animal by cervical dislocation, and opened by a longitudinal
cut after connecti ve tissues were removed. Mouse distal
colon was removed from the animal and the mucosa was
separated mechanically from the submucosal tissue. Small
superfic ial m uc osal biopsies were obt aine d fr om human
rectum of 11 individuals (Department of Pediatrics, Univer-
sity of Freiburg, Germany). The study has been approved by
the ethical committee of the University of Freiburg, Germany.
Tissues were put immediately into a cold buffer solution of
the following composition (mmol/l): NaCl 145, KCl 3.8,
glucose 5, MgCl
1, HEPES 5, Ca-gluconate 1.3. The tissues
were mounted into a modified Ussing chamber with a circular
aperture of 0.95 mm
. The luminal and basolateral sides of the
epithelium were perfused continuously at a rate of 10 ml/min
(chamber volume 2 ml). The bath solut ion had the following
composition (mmol/l): NaCl 145, KH
D-glucose 5, MgCl
1, HEPES 5, Ca-gluconate 1.3. pH was
adjusted to 7.4. Bath solutions were heated to 37 jC using a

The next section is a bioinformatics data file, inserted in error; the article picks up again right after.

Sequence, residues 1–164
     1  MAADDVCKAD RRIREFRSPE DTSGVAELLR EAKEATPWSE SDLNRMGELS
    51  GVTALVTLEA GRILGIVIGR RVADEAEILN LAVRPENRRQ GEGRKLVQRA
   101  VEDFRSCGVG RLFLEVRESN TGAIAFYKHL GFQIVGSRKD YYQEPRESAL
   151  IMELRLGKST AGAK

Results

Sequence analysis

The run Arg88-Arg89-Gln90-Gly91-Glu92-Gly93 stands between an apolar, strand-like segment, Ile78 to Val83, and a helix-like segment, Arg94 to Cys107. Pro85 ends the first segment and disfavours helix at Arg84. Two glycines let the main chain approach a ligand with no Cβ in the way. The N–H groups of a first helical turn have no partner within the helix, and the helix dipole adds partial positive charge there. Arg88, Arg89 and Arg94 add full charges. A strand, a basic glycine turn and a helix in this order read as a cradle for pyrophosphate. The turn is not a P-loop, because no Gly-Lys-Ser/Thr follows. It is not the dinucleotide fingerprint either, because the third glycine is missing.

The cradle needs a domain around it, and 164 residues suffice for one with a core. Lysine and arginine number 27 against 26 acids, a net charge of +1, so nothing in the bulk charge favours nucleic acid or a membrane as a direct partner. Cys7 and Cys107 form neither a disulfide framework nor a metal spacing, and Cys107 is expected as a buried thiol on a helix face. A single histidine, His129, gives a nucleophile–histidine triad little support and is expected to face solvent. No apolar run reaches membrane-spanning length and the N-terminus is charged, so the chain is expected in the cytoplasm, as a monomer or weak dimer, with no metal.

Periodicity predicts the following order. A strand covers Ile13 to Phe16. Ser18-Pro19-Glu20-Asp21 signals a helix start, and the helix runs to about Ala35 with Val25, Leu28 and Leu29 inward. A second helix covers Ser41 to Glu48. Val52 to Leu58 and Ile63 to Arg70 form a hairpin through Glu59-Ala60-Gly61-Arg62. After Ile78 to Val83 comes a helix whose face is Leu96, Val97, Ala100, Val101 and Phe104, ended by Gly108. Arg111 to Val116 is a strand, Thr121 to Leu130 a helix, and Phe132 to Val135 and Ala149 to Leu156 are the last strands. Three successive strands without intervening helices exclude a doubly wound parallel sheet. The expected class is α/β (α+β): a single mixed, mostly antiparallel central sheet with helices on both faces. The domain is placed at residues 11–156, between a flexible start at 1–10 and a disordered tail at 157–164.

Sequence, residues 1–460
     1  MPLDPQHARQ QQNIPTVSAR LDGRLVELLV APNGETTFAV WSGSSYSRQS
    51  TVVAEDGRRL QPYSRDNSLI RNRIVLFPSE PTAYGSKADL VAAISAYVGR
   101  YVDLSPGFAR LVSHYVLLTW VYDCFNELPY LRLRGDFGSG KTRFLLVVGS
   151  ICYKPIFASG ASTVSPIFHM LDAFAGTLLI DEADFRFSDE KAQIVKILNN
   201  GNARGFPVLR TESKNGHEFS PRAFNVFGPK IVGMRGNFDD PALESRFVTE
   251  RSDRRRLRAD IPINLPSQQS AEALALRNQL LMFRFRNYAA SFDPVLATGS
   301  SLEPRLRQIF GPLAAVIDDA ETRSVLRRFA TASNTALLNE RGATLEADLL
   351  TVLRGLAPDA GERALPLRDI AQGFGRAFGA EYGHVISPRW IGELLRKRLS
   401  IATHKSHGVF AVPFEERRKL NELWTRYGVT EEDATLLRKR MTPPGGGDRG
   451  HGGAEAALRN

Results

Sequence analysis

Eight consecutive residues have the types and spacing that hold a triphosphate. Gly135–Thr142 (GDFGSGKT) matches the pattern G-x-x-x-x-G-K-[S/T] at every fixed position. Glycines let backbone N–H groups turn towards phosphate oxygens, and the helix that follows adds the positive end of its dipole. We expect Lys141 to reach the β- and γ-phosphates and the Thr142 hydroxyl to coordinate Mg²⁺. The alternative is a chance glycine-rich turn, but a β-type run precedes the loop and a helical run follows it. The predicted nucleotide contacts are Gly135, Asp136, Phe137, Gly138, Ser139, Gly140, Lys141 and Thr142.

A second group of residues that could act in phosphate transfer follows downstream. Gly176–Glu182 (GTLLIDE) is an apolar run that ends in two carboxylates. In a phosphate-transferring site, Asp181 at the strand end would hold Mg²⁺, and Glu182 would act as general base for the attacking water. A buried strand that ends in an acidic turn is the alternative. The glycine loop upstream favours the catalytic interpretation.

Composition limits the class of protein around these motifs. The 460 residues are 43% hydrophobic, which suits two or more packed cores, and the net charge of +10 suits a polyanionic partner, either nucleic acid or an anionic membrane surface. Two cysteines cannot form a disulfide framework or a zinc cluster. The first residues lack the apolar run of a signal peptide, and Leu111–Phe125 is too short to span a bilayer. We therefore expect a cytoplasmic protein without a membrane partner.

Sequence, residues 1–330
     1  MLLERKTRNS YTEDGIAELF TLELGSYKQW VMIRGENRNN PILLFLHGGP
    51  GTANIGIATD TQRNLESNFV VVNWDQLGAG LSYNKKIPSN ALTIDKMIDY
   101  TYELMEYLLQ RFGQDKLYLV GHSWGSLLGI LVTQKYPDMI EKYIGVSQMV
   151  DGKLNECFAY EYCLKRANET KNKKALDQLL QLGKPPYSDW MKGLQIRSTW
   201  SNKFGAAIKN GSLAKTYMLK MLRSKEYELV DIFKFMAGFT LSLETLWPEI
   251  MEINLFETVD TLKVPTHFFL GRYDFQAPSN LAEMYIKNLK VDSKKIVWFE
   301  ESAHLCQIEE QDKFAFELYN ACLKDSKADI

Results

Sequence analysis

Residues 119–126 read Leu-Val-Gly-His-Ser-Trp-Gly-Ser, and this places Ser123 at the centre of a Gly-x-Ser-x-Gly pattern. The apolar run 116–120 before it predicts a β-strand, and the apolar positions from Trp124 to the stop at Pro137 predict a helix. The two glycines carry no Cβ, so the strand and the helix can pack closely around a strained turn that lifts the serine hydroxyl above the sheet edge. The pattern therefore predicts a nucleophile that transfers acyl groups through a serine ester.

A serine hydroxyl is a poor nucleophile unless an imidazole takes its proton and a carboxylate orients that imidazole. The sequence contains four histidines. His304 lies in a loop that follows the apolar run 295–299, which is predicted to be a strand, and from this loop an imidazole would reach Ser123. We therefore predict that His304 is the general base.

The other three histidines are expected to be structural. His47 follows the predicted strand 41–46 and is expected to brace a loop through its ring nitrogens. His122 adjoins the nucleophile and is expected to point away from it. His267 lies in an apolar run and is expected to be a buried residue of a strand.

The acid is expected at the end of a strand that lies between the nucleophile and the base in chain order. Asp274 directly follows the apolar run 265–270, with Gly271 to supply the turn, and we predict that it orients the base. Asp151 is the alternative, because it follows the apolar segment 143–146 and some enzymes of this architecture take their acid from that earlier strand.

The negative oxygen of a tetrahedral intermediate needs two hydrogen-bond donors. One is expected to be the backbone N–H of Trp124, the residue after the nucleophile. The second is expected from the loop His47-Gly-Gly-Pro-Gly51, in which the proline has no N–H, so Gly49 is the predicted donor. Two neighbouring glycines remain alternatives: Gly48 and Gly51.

water jacket. Experim ents were carried out under open circuit
conditions. Values for transepith elial voltages (V
referred to the serosal side of the epithelium. Transepithelial
) was determined by applying short (1 s)
current pulses (DI = 0.5 AA). Voltage deflections obtained
Fig. 3. Effects of stimulation by IBMX (100 Amol/l)/forskolin (2 Amol/l) (I/F) and ATP or UTP (both 100 Amol/l) on transepithelial voltages and summary of
short circuit currents measured in mouse trachea. (A) Incubation with hexokinase (5 U/ml) and glucose (15 mM) attenuates ATP-activated transport but has no
effect on I/F induced secretion. (B) The P2Y blocker suramin (100 Amol/l) inhibits UTP-activated transport but has no effect on I/F-induced secretion. (C) The
channel blocker DIDS inhibits ATP-activated transport but has no effect on I/F-induced secretion. * indicate significant difference from control (paired t-
test). (Number of experiments).
nig et al. / Biochimica et Biophysica Acta 1565 (2002) 17–2820
under conditions without the mucosa present in the chamb er
were subtracted from those obtained in the presence of the
was calculated according to Ohms law (R
DI). The equivalent short circuit current (I
) was calculated
) and the amiloride-sensitive I
) is used
to express the amount of equivalent short circuit current that
is inhibited by 10 Amol/l amiloride. Tissue preparations were
only accepted if the transepithelial resistance exceeded that
obtained for an empty chamber at least by a factor of 3.
Recordings were usually stable for 3 – 4 h.
2.4. Mate rials and statistical analysis
All used compounds were of highest available grade of
purity. ATP, UTP, suramin, carbachol, 3-isobutyl-1-methyl-
xanthine (IBMX), membrane-permeable N